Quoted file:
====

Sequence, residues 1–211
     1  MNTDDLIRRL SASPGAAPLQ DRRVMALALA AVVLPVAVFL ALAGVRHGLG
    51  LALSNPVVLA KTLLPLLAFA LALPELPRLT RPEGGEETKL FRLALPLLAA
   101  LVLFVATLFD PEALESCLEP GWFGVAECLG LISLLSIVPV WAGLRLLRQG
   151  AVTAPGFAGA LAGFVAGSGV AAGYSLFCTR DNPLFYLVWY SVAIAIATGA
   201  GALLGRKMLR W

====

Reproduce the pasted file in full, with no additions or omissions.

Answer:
Sequence, residues 1–211
     1  MNTDDLIRRL SASPGAAPLQ DRRVMALALA AVVLPVAVFL ALAGVRHGLG
    51  LALSNPVVLA KTLLPLLAFA LALPELPRLT RPEGGEETKL FRLALPLLAA
   101  LVLFVATLFD PEALESCLEP GWFGVAECLG LISLLSIVPV WAGLRLLRQG
   151  AVTAPGFAGA LAGFVAGSGV AAGYSLFCTR DNPLFYLVWY SVAIAIATGA
   201  GALLGRKMLR W